The left-leaning are claiming just that — note this piece by Seumas Milne of Britain’s left-wing Guardian. Milne rightly points the finger at financial elites and their political enablers, but then writes:
It could of course have happened only in a private-dominated financial sector, and makes a nonsense of the bankrupt free-market ideology that still holds sway in public life.
This is nonsense, but sounds plausible to the casual observer and so needs to be debunked. Banks may have a passing acquaintance with capitalism to the extent that for a price they facilitate it, but today’s banking and financial behemoths do not operate in a free market. While genuine capitalists risk borrowed money or their own savings, banks gamble with other people’s money, and in recent years when things have gone wrong banks have been bailed out by governments with taxpayer cash.
The growth of too-big-to-fail banks has coincided with the growth of massive, statist government. And while nominally conservative politicians have certainly been guilty of indulging the bankers in the past, Labour in the UK and the U.S. Democrats are the primary culprits harnessing big finance to big government.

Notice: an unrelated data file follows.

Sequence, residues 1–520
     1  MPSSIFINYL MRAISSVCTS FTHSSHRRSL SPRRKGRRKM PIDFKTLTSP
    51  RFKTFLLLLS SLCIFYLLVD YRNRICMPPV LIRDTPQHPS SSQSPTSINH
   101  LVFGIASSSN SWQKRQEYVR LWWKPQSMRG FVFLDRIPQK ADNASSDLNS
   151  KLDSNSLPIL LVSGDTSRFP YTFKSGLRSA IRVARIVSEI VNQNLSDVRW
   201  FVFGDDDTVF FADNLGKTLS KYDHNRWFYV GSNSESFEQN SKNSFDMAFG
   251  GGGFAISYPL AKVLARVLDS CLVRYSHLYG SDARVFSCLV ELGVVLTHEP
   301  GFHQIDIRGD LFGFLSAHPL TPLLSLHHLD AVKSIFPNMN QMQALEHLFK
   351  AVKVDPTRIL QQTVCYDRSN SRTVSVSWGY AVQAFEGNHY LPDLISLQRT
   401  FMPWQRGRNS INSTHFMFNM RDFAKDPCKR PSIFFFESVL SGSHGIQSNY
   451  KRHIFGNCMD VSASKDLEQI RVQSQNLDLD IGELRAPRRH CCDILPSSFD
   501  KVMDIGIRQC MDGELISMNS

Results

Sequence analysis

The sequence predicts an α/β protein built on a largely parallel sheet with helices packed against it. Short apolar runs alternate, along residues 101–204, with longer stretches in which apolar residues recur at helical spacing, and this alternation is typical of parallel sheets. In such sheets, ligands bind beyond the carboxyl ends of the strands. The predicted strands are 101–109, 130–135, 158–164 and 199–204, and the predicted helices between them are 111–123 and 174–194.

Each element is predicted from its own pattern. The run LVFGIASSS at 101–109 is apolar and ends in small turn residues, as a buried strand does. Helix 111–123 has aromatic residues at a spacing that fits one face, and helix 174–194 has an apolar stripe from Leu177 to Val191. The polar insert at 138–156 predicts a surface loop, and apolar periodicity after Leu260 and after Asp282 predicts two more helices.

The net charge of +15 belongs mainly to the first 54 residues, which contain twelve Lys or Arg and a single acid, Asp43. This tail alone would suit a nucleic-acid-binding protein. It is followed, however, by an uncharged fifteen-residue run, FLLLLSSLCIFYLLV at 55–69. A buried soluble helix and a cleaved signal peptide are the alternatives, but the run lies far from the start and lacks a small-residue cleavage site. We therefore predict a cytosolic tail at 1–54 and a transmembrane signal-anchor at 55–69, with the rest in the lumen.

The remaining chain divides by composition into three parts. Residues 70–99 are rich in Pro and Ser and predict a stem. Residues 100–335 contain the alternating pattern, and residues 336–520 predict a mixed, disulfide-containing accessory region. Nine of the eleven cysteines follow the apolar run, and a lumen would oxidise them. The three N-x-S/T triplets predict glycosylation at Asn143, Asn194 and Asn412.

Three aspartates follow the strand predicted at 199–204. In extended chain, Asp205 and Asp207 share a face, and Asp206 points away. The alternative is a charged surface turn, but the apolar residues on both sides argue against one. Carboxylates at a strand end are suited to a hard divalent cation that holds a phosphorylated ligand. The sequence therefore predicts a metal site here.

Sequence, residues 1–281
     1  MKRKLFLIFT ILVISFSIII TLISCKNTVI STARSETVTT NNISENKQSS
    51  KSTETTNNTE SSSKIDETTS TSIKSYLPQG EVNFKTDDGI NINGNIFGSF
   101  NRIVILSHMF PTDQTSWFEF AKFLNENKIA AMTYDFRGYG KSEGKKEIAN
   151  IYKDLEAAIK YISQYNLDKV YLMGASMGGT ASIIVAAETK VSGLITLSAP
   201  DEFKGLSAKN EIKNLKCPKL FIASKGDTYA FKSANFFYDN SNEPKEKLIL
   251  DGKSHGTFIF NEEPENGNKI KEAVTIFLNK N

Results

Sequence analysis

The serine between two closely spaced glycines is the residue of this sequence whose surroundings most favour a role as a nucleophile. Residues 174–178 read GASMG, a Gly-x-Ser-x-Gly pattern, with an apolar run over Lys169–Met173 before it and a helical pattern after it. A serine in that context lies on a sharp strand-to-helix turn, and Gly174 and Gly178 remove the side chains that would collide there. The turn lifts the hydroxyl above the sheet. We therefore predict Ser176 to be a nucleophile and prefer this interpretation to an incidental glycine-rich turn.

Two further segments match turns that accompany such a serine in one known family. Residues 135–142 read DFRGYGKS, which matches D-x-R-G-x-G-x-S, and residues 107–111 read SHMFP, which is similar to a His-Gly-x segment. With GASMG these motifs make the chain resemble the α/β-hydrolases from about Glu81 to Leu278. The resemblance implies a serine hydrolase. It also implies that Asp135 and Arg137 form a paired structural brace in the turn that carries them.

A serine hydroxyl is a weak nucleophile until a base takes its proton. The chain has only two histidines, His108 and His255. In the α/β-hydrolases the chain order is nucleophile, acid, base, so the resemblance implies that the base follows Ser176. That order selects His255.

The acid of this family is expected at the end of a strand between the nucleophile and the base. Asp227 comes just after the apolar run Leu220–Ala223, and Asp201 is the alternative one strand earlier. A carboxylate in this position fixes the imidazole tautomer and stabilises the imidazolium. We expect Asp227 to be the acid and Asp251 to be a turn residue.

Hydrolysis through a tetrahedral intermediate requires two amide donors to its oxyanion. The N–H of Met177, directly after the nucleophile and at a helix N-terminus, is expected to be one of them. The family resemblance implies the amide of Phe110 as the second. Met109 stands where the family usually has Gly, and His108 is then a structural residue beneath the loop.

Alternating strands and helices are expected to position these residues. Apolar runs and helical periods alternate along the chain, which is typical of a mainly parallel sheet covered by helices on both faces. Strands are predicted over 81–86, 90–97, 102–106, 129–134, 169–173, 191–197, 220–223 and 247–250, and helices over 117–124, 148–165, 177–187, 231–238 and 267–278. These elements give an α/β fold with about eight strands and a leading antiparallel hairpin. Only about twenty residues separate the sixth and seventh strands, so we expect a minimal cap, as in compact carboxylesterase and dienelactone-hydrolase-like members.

Tony Blair’s Labour government famously favored “light-touch” regulation, with one minister from that once proudly socialist party remarking that New Labour was “seriously relaxed about people getting filthy rich”. The reason Labour took such a lax attitude to bankers lining their pockets was that the City of London was providing billions of pounds in tax revenues for the government to pump into the black hole of public services, while at the same time ensuring a plentiful supply of cheap money to create a credit-fueled boom.
In the U.S., similar easy money policies enabled George W. Bush to oversee a decidedly un-conservative expansion of government and helped to fuel the housing bubble that ultimately led to the financial crisis. Many Republicans voted for the bailouts that followed, but it was Democrats, having won power thanks in no small measure to sticking the Republicans with the blame for the crisis, who fully enlisted big finance in their statist, crony capitalist project.
The banks and other financial institutions that helped bankroll Obama’s 2008 election campaign didn’t do so because they expected him to be a swashbuckling free-marketeer. They were rewarded with the Dodd-Frank bill, which effectively enshrined the notion of too big to fail and created a centrally planned banking system that discourages competition and innovation.